It is noted that the terms “substantially” and “about” may be utilized herein to represent the inherent degree of uncertainty that may be attributed to any quantitative comparison, value, measurement, or other representation. These terms are also utilized herein to represent the degree by which a quantitative representation may vary from a stated reference without resulting in a change in the basic function of the subject matter at issue.

While particular embodiments have been illustrated and described herein, it should be understood that various other changes and modifications may be made without departing from the spirit and scope of the claimed subject matter. Moreover, although various aspects of the claimed subject matter have been described herein, such aspects need not be utilized in combination. It is therefore intended that the appended claims cover all such changes and modifications that are within the scope of the claimed subject matter.

Claims (19)

What is claimed is:
1. A pedestrian marking system in a vehicle, the pedestrian marking system comprising:
a light emitting module comprising a plurality of light emitting diodes;
a sensor module; and
a master controller comprising a non-transitory, processor readable storage medium containing machine-readable instructions that direct the master controller to:
receive data from the sensor module, wherein the data provides an indication of a pedestrian located in the vicinity of the vehicle,
determine location coordinates of the pedestrian with respect to the vehicle,
determine a direction of light based on the location coordinates of the pedestrian such that the direction of light is aimed at the pedestrian,
direct the light emitting module to selectively activate the plurality of light emitting diodes such that the plurality of light emitting diodes produce a collective beam that corresponds to the first direction, the collective beam comprising a deluminated zone that corresponds to an area projected onto the pedestrian that is aimed at a face of the pedestrian,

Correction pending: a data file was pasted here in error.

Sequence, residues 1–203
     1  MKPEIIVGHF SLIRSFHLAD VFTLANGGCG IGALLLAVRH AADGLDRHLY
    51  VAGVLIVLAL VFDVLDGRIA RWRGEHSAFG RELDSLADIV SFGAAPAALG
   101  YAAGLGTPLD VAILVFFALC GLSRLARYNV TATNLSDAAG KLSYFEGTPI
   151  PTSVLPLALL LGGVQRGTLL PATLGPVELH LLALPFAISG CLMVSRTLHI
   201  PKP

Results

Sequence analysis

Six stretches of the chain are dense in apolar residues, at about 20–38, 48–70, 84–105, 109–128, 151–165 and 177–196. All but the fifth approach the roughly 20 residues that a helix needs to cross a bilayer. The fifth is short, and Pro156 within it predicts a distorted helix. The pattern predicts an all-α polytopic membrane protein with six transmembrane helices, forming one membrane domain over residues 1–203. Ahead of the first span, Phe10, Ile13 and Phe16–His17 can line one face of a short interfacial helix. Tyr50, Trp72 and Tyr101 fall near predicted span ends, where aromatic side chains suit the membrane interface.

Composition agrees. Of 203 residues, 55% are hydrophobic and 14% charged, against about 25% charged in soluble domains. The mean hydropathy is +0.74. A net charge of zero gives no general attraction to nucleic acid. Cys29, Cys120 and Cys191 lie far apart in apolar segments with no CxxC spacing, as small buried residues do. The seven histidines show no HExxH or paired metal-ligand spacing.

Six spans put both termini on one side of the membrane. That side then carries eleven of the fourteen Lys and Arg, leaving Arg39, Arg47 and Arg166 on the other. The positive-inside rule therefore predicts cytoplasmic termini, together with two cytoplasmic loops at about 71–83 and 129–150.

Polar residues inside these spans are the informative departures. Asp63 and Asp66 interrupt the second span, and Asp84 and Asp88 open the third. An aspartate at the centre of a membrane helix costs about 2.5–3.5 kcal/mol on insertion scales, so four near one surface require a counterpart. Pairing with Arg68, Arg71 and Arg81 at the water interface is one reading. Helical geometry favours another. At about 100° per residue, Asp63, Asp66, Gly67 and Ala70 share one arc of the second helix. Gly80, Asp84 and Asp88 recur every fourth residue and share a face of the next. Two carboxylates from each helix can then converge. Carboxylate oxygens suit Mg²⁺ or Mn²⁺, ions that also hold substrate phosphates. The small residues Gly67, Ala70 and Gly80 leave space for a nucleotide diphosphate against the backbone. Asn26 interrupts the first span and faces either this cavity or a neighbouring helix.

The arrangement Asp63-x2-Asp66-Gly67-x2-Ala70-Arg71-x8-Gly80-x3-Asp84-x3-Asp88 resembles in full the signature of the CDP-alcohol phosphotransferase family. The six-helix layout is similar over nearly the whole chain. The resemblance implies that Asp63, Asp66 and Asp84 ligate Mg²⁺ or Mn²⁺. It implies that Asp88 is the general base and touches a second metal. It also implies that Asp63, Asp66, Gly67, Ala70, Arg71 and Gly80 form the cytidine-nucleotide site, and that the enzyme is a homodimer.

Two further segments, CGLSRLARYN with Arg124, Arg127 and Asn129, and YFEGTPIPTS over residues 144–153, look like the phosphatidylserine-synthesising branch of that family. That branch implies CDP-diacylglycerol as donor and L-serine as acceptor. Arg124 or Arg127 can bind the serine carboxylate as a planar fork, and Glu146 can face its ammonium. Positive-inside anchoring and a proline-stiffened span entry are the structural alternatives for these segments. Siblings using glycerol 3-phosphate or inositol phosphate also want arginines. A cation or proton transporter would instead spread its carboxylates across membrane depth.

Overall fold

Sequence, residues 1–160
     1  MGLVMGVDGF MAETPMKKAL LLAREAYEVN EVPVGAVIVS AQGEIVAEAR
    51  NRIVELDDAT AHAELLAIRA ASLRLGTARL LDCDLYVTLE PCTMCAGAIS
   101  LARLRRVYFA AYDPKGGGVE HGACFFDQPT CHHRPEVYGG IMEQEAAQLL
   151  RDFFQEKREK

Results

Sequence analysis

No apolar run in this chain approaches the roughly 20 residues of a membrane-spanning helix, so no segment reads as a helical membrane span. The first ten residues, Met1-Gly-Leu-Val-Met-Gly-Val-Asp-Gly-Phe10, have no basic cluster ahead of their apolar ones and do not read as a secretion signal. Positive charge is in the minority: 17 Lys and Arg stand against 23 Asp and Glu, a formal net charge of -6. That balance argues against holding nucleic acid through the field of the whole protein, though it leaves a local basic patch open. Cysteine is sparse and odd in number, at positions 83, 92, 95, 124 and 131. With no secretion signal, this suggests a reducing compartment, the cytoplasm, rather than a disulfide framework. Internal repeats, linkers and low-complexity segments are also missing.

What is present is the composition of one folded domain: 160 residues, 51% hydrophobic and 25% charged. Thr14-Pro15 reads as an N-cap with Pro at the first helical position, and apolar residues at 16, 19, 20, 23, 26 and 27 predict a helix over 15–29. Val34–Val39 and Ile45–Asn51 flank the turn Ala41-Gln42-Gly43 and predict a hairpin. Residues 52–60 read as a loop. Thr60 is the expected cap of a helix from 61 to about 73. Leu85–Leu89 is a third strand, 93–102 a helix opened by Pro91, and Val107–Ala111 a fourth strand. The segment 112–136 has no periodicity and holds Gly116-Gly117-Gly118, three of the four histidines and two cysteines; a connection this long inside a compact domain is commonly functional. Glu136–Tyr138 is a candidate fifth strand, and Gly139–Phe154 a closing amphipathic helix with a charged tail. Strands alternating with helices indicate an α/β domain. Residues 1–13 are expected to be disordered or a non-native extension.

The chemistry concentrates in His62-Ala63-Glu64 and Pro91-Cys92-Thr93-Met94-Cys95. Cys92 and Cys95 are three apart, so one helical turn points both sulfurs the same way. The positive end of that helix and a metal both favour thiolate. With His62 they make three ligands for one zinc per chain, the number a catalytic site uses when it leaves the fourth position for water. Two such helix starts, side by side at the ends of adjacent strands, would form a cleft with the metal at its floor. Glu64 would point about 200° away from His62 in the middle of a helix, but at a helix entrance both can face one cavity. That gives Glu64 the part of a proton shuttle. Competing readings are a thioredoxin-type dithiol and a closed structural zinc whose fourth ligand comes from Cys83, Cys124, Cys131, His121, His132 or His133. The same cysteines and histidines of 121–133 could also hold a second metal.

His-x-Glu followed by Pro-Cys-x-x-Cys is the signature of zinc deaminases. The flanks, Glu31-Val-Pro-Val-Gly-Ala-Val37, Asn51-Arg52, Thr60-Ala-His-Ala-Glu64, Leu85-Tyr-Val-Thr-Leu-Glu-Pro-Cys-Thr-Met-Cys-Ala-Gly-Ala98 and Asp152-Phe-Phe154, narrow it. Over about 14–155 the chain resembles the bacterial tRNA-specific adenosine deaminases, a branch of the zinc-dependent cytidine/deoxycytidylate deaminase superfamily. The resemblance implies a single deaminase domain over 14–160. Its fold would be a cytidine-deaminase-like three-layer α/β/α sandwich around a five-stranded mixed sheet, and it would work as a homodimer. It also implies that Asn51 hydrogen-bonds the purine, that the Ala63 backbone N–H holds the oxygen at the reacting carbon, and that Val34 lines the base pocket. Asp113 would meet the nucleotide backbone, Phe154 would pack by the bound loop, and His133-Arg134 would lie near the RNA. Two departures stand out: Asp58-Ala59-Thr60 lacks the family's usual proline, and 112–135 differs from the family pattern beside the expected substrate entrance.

determine that the vehicle is turning in a direction towards the pedestrian, and
provide a notification to the pedestrian that the vehicle is turning.
2. The pedestrian marking system of claim 1, wherein the machine-readable instructions further direct the master controller to:
determine second location coordinates of the pedestrian with respect to the vehicle when the pedestrian moves with respect to the vehicle to an area outside of the direction of the light;
determine a second direction of light based on the second location coordinates such that the second direction of light is aimed at the pedestrian; and
direct the light emitting module to selectively activate the plurality of light emitting diodes such that the plurality of light emitting diodes produce the collective beam that corresponds to the second direction.
3. The pedestrian marking system of claim 1, wherein the machine-readable instructions further direct the master controller to:
determine that the pedestrian has moved outside the vicinity of the vehicle; and
direct the light emitting module to deactivate the plurality of light emitting diodes.
4. The pedestrian marking system of claim 1, wherein the machine-readable instructions further direct the master controller to:
activate the pedestrian marking system based on at least one of a power on of a vehicle in which the pedestrian marking system is installed, a detected ambient light level, and an activation of a headlight switch.
5. The pedestrian marking system of claim 1, wherein the light emitting module comprises the plurality of light emitting diodes arranged on a curved surface positioned such that each of the plurality of light emitting diodes is particularly positioned according to a curvature of the curved surface.
6. The pedestrian marking system of claim 1, further comprising one or more turn signal indicators, wherein the master controller provides the notification via the one or more turn signal indicators.
7. The pedestrian marking system of claim 1, wherein the light emitting module further comprises an LED controller for selectively activating the plurality of light emitting diodes.